TG3803 : The sugar factory at Cantley

taken 6 years ago, near to Cantley, Norfolk, Great Britain

The sugar factory at Cantley
The sugar factory at Cantley
As seen from the Wherryman's Way long distance footpath.
Cantley Sugar Factory

The factory was built in 1912. It was the first British beet sugar factory and for more than 100 years it has been a landmark on the banks of the River Yare from where it can be seen for many miles.

The sugar beet are produced by 750 UK growers, located at an average distance of 28 miles from the factory, which can process up to 10,000 tonnes per day with an average daily output of 9,000 tonnes/1,350 tonnes of sugar every day. The sugar is stored in six silos with a total storage capacity of 60,000 tonnes.

Rotary stone catchers remove around 7,000 tonnes of stone each year from incoming beet. The stone is washed and sold as aggregate. The soil is also separated, and then dried, screened and blended before being sold as high quality topsoil.

The cleaned beet is sliced into thin strips which are pumped to two separate diffusers where they are mixed with hot water to extract the sugar. During the purification process, milk of lime and CO2 are added to precipitate calcium carbonate (chalk). The chalk is filtered, washed and pressed, producing 400 tonnes of LimeX fertiliser per day. The remaining fibre is then mechanically pressed before being dried. This process produced the familiar plume of vapour rising from the drier chimney during the winter months. The dry fibre is compressed into pellets which are sold in bulk as animal feed.

The raw juice is progressively heated through heat recovery systems which minimise the energy demand of the plant. Milk of lime and CO2 are added to remove the impurities in the raw juice and the extracted "thin juice" passes to multiple effect evaporators where the water is boiled off, producing a syrup known as "thick juice". The steam that has been removed by evaporation is condensed and used for further heating and then stored to be used in other processes on the site. There is also a combined heat and power plant which produced steam and electricity; excess power can be exported into the local electrical grid.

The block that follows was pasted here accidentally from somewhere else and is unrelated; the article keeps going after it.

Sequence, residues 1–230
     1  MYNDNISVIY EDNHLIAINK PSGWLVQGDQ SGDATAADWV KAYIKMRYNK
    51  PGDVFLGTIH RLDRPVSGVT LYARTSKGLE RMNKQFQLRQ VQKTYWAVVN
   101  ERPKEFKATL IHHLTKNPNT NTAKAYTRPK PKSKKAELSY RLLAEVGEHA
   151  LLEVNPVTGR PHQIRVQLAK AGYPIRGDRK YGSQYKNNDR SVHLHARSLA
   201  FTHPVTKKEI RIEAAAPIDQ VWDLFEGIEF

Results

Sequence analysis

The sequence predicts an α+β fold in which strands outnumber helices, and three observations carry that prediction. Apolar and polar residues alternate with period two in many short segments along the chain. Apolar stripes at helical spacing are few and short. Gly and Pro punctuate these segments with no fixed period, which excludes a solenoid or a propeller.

Crystallisation of sugar takes place in pans which boil the thick juice under vacuum to lower the operating temperature and reduce energy demand. The thick juice is then "seeded" with tiny sugar crystals to provide the nucleus for the grains of sugar to form and grow. When the crystals are fully grown the mixture of crystal sugar and syrup is spun in centrifuges to separate the sugar from the syrup. The sugar crystals are washed, dried and cooled and conveyed to the storage silos. The syrup from the second crystallination stage is stored in two large tanks which have a combined capacity of 44,000 tonnes. This syrup is exported to the British Sugar factory at Wissington as feedstock for the chromatography process which produces betaine, sugar and raffinate for animal feed.

For more information go to: LinkExternal link

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TG3803, 134 images   (more nearby search)
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Date Taken
Sunday, 4 January, 2015   (more nearby)
Sunday, 4 January, 2015
Geographical Context
Subject Location
OSGB36: geotagged! TG 3860 0333 [10m precision]
WGS84: 52:34.5243N 1:31.1962E
Camera Location
OSGB36: geotagged! TG 3861 0318
View Direction
NORTH (about 0 degrees)
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Image classification(about): Geograph
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